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See also: spick and span


Alternative forms[edit]


Originally from “new as new woodchips”

From spick-and-span-new(literally new as a recently made spike and chip of wood) (1570s), from spick(nail) (variant of spike) + Middle English span-new(very new) (from circa 1300 until 1800s), from Old Norse span-nyr, from spann(chip) (cognate to Old English spón, Modern English spoon, due to old spoons being made of wood) + nyr(new) (cognate to Old English nīwe, Modern English new).[1] Imitation of Dutch spiksplinter nieuw(literally spike-splinter new)[2] , for a freshly built ship. Observe that fresh woodchips are firm and light (if from light wood), but decay and darken rapidly, hence the origin of the term.


spick-and-span (comparative more spick-and-span, superlative most spick-and-span)

  1. (idiomatic) Clean, spotless; original sense “like new”.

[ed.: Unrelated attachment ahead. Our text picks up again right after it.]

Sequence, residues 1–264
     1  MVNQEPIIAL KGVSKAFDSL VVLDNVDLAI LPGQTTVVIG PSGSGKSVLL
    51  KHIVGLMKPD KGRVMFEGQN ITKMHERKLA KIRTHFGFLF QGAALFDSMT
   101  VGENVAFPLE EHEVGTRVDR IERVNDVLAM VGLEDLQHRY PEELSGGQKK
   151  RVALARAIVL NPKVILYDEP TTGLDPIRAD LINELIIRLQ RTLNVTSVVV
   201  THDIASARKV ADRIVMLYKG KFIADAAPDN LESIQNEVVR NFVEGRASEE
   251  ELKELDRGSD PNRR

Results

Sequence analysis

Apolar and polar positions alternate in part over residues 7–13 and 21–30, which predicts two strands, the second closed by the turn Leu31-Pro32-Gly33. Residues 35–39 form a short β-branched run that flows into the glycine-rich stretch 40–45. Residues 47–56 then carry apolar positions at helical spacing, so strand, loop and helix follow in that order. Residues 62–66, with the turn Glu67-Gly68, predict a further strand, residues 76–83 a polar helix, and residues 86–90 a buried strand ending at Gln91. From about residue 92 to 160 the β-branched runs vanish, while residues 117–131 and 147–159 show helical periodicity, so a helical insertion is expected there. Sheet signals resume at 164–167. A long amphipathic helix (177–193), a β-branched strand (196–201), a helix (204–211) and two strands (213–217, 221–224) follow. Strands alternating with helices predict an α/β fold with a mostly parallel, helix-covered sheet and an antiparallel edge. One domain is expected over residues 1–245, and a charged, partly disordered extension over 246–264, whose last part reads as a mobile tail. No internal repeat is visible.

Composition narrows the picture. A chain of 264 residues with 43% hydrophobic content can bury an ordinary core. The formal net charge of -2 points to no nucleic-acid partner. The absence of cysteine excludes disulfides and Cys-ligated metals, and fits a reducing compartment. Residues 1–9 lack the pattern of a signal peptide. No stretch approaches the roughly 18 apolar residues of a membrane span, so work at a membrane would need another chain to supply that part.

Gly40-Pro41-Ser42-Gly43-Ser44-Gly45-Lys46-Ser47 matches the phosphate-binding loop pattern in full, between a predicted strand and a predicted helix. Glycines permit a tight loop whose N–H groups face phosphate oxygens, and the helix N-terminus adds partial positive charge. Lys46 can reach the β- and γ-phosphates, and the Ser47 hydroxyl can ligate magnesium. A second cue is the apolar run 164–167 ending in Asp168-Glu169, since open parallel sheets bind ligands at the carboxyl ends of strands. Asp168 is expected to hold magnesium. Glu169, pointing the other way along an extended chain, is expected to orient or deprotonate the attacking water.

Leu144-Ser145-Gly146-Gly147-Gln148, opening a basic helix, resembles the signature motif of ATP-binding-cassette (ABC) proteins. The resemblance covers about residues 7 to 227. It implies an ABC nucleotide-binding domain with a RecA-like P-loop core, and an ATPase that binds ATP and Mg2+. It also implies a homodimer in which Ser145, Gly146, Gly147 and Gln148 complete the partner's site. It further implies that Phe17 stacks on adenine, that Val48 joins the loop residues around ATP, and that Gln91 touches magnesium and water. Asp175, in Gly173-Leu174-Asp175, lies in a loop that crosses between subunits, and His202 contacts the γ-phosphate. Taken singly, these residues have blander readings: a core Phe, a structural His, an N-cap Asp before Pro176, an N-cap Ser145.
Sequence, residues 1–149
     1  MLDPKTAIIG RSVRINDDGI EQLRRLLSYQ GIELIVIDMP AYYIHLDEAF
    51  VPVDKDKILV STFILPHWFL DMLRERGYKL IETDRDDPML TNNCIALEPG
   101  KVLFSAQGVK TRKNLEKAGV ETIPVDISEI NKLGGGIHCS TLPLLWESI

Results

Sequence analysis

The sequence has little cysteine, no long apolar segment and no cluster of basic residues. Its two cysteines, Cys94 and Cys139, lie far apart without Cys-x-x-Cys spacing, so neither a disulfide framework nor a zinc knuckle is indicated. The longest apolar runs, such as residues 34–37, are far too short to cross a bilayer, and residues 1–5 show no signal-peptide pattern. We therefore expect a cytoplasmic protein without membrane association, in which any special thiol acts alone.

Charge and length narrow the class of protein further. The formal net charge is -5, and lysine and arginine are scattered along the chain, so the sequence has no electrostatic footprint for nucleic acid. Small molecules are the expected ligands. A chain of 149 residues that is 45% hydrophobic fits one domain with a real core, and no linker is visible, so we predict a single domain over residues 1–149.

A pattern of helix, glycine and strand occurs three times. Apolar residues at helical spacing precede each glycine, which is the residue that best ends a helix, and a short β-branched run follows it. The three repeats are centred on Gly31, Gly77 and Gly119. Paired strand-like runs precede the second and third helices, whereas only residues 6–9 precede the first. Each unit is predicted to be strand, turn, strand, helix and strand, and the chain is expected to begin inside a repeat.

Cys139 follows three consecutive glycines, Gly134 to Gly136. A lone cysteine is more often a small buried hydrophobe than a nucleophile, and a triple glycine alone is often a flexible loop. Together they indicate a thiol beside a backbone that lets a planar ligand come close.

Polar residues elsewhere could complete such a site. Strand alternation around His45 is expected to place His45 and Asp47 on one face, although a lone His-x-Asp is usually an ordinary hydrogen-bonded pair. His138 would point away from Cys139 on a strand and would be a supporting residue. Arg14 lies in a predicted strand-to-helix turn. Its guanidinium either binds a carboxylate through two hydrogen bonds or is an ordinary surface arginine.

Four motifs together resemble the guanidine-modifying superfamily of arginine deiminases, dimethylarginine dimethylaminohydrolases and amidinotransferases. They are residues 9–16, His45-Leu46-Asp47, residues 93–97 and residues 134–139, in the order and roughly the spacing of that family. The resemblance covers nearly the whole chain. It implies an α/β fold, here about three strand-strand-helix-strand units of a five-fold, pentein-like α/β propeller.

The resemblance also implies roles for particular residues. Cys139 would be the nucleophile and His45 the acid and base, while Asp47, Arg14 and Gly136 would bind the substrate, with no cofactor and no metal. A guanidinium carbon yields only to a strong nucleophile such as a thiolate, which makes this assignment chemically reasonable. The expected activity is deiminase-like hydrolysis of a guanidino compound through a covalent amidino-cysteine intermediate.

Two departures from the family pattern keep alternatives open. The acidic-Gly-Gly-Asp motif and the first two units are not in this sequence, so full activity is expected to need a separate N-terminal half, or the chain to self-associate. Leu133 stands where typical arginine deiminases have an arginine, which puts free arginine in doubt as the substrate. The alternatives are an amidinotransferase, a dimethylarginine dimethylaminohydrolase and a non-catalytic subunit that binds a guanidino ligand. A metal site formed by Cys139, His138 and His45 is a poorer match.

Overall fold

I mopped up the kitchen floor so it was spick-and-span.



ME « 15th c. 16th c. 17th c. 18th c. 19th c. 20th c. 21st c.
  • 1614, Ben Jonson, Bartholomew Fair, Act 3 Scene 5 Lines 42-44:
    NIGHTINGALE (showing one of his ballads) Sir this is a spell against 'em, spick and span new, and 'tis made, as 'twere, in mine own person, and I sing it in mine own defense.
  • 1643 John Taylor, A preter-pluperfect, spick and span new nocturnall, or Mercuries weekly night-newes, Wherein the publique Faith is published, and the Banquet of Oxford Mice described (title)
  • 1665, Samuel Pepys, diary, 15 November 1665:
    My Lady Batten walking through the dirty lane with new spicke and span white shoes.

See also[edit]



  1. ^ spick-and-span”, in Douglas Harper, Online Etymology Dictionary, 2001–2017.
  2. ^ The term "spickspelder nieuwe deuntjes" was used to refer to "brand-new tunes" in a Dutch songbook published in 1630